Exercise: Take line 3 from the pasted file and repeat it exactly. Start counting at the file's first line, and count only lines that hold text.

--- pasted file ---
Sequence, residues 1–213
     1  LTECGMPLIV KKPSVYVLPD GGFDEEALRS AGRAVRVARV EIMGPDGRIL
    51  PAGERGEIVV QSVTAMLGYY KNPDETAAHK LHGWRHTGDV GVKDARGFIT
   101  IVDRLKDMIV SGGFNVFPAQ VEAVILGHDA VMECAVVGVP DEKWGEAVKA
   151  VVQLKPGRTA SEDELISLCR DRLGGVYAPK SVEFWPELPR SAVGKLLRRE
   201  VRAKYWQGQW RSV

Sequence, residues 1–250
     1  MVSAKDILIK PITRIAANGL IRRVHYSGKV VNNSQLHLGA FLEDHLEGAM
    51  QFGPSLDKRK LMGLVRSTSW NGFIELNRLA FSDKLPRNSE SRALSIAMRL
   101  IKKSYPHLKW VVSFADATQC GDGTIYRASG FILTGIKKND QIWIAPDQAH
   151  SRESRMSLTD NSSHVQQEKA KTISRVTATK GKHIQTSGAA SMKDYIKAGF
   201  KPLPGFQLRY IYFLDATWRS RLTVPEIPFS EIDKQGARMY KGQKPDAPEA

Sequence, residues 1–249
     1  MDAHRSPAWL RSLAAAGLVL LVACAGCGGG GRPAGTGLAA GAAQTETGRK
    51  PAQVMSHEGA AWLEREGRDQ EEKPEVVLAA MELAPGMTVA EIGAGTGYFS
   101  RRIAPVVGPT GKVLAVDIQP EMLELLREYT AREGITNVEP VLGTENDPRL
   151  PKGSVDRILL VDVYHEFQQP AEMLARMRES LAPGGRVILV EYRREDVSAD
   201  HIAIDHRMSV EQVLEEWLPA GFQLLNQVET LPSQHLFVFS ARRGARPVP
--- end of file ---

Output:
    51  PAGERGEIVV QSVTAMLGYY KNPDETAAHK LHGWRHTGDV GVKDARGFIT